League Wooley, seeing the cloud approach, went to the schoolhouse for his child.  He returned home just as the storm struck, killing his wife and child.

One man escaped death by clutching a tree.  The top of it was torn off the trunk by the wind.

Frost residents reported that the wind-laden cloud "bounced along" and appeared to be in two sections.  Fence posts were jerked from their holes.

The infant child of Jesse Satchel, negro, was snatched up by the wind and early Wednesday had not been found.

The bodies of Prentice Few, 20, who died in a Corsicana hospital today and Leroy Bagley, 9 months, who died in a Corsicana hospital yesterday will likely be sent to Frost late today for burial.

The body of Mrs. W. H. Bowman, 60, who died en route to a Corsicana Hospital was held there today and probably will be sent to Frost today or tomorrow for burial.  Her husband was killed instantly.

Hawkins Scarborough, judge of the Thirteenth Judicial District Court was one of the first arrivals in Frost after the storm and remained there all night.


He excused all members of the jury for the week and the number of criminal cases set for trial Wednesday and Friday were passed.  A majority of the members of the jury panel left Corsicana after the storm to aid in the rescue at Frost.

Andrew G. Steele, county superintendent and past commander of the American Legion post at Corsicana accompanied by 32 legionnaires went to Frost soon after the storm and began patrolling the streets and aiding in the rescue work until national guardsmen took over these duties.

Steele said he had tendered the services of the American Legion boys to relieve those on the scene.  He said that probably 35 or 40 men would go to Frost this afternoon.

The roar of the tornado as it swept destructively through the west end of the county was heard by residents of Western Corsicana.

Rehabilitation work at Frost got underway today with highway crews opening up roads and telephone and telegraph companies restoring communication services.  Railroad crews also restored damaged tracks.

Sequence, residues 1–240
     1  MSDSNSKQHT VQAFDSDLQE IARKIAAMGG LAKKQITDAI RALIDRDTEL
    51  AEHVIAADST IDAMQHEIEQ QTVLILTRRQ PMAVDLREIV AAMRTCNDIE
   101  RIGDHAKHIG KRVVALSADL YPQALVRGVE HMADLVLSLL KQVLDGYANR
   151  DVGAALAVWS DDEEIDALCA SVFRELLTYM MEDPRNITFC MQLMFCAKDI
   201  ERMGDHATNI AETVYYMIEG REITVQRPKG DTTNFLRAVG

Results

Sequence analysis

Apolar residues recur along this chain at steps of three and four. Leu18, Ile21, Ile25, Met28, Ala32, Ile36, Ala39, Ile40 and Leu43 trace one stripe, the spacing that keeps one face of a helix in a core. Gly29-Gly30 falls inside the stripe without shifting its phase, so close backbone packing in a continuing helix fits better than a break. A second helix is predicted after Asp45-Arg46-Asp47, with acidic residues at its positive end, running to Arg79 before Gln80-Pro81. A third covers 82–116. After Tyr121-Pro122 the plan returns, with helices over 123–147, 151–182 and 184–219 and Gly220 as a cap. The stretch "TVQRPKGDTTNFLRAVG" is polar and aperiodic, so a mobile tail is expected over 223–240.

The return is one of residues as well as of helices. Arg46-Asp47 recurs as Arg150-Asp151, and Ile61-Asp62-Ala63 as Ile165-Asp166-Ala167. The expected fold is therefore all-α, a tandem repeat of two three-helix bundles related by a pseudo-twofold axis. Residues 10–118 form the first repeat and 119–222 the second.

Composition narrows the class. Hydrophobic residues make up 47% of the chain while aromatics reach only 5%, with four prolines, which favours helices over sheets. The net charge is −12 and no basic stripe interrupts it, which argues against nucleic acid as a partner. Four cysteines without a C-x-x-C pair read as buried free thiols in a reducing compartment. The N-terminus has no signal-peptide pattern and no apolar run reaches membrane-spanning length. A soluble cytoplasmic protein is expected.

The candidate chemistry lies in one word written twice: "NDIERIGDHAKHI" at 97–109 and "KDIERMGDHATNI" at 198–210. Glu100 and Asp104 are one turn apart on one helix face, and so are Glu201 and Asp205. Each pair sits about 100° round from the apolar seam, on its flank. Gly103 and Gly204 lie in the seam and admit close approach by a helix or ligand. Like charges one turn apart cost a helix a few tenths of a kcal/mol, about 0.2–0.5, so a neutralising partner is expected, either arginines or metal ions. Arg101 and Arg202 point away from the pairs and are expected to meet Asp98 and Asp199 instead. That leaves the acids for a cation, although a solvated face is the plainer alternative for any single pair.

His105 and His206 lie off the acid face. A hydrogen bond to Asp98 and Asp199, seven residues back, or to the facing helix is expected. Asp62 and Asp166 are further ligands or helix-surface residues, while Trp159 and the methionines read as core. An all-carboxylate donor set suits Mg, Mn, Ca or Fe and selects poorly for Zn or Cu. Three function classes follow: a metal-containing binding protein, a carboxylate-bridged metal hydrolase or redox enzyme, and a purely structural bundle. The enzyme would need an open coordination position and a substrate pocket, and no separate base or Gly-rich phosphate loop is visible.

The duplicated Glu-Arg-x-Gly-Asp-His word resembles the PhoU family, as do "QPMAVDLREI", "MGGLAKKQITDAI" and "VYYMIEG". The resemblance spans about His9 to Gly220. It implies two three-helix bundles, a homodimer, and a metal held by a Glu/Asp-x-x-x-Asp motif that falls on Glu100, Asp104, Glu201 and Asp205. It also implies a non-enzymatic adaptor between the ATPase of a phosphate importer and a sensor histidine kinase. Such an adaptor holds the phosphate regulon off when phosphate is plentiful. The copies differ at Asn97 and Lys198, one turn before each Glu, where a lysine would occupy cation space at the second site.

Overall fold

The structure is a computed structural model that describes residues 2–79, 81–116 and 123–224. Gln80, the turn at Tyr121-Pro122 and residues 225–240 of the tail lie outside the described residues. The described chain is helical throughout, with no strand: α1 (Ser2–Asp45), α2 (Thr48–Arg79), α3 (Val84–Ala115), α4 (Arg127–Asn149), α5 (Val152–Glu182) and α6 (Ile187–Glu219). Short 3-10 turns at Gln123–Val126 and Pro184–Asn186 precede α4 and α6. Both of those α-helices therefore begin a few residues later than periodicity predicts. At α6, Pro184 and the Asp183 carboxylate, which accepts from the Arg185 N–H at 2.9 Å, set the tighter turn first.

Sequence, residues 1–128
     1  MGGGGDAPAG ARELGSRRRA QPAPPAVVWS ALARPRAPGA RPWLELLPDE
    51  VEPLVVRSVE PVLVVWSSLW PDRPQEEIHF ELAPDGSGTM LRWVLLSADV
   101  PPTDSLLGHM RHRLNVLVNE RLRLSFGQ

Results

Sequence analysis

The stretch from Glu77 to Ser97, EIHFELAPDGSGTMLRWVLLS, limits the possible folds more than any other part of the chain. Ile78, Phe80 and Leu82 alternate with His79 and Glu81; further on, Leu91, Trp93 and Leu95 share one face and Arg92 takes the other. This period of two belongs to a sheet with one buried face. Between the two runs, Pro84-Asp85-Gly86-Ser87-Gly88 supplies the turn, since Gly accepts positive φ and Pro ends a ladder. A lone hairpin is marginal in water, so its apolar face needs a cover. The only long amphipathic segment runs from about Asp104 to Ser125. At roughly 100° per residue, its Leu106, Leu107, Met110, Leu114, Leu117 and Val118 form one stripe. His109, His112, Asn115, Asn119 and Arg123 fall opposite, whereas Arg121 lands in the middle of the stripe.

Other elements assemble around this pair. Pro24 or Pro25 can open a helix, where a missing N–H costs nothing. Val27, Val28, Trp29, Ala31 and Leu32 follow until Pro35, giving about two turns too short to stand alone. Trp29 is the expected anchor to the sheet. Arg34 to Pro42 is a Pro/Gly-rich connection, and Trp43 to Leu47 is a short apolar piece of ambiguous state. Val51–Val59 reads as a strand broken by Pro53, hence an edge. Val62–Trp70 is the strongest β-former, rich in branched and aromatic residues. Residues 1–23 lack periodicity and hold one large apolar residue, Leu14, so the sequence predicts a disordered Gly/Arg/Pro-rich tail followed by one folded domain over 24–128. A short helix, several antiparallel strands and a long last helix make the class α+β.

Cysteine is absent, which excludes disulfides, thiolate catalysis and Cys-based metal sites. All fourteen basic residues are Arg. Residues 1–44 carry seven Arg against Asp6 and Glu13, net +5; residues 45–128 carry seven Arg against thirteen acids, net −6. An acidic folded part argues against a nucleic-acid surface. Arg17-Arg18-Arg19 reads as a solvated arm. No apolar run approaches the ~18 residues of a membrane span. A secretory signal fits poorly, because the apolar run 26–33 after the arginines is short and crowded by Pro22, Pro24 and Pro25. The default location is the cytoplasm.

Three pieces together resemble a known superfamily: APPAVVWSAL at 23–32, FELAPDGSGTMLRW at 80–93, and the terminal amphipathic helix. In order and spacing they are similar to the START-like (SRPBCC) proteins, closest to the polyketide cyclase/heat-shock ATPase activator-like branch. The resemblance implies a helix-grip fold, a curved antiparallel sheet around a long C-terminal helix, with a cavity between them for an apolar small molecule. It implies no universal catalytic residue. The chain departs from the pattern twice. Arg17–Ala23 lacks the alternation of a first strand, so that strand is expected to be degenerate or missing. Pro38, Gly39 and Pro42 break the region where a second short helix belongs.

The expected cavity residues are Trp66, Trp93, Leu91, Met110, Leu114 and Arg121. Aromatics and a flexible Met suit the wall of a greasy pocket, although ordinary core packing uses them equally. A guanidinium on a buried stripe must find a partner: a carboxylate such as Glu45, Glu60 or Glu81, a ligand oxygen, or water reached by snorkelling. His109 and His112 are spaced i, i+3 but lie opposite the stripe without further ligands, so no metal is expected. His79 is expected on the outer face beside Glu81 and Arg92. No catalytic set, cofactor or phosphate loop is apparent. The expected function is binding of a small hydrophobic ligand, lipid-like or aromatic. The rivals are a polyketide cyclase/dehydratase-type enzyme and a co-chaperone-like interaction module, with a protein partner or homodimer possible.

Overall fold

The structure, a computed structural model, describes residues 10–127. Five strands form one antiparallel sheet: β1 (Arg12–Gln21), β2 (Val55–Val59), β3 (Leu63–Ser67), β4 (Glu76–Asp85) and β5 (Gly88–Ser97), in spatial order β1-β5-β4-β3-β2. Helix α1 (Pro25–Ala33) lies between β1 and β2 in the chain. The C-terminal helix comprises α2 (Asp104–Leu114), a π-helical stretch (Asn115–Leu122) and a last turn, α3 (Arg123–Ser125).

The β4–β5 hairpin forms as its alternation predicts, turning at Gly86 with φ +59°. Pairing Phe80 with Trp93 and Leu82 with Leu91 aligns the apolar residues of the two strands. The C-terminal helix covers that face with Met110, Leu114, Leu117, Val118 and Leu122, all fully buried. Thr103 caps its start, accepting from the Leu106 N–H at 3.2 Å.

Red Cross workers were on the scene administering to the injured and needy.

funeral services for most of the victims were planned for tomorrow.  They will be buried in the cemetery at Frost.

Business men of Corsicana and Hillsboro conferred with those of Frost to the erection of temporary buildings for carrying on their businesses.

A search of the wreckage at Frost revealed no additional.

Meanwhile, reports of high winds, some of a tornado nature, trickled in over crippled communication lines from other sections of the state.

Four persons were injured northeast of Childress when a tornado destroyed two farm houses and damaged another.  The family of J. J. Hunnicutt escaped to a cellar shortly before their home collapsed.

Some property damage was done by a small tornado that swept across the northeastern part of Llano County.  No one was injured.  Small outbuildings in and near Sherman were wrecked, telephone poles were blown down and general small damage resulted from a wind storm.

Residence windows were smashed and trees uprooted by a wind storm at Marshall.  The damage was reported light.

Roofs were blown off large buildings and smaller structures were demolished by a wind of tornado proportions which struck Plano yesterday.  Trees were blown down in the residential section, and signs were dashed to the ground down town.  An accompanying heavy rain sent creeks on a rampage.


Houston Chronicle - May 8, 1930

By Associated Press.

Dallas, May 8 - A partial list of dead in Texas tornadoes today placed the number at 75, as follows:
Ferdinand Machost, 72
Mrs Pauline Machost, 68
Mrs. Francisco Villareal.
Celestine Cruz Villareal.
Domingo Villareal.
Mrs. Martha Herrera, 35.
Mrs. Lucia-Salas Garcia, 40.
Santos Garcia.
Juan Garcia.
Manuela Garcia.
Caldus Garcia.
Augustina Garcia.
Mrs. Manuela Gomez Salas.
Silvera Salas.

Cavino Trevino, 77.
Mrs. Gavine Trevino.
Setriova Molina, 70
Guadalupe Garcia.
Francisco Garza.
Ruberta Garza.
Serapio Garcia.
Lorenzo Garcia.
Martin Garcia.
Florencia Garcia.
Mrs. Emil Huck, 32.
Mrs. Otto Fuherken.

Francisco Delana.

Oleaven Clark, 3 (negro)

John Kleespies, Houston

Mrs. W. T. Strickland.
W. T. Strickland

Baby daughter of Art Wagner.
Bob Flanagan, 15.

Leroy Bagley, 9 months.
E. A. Patterson, 50.
J. E. Lee, 65.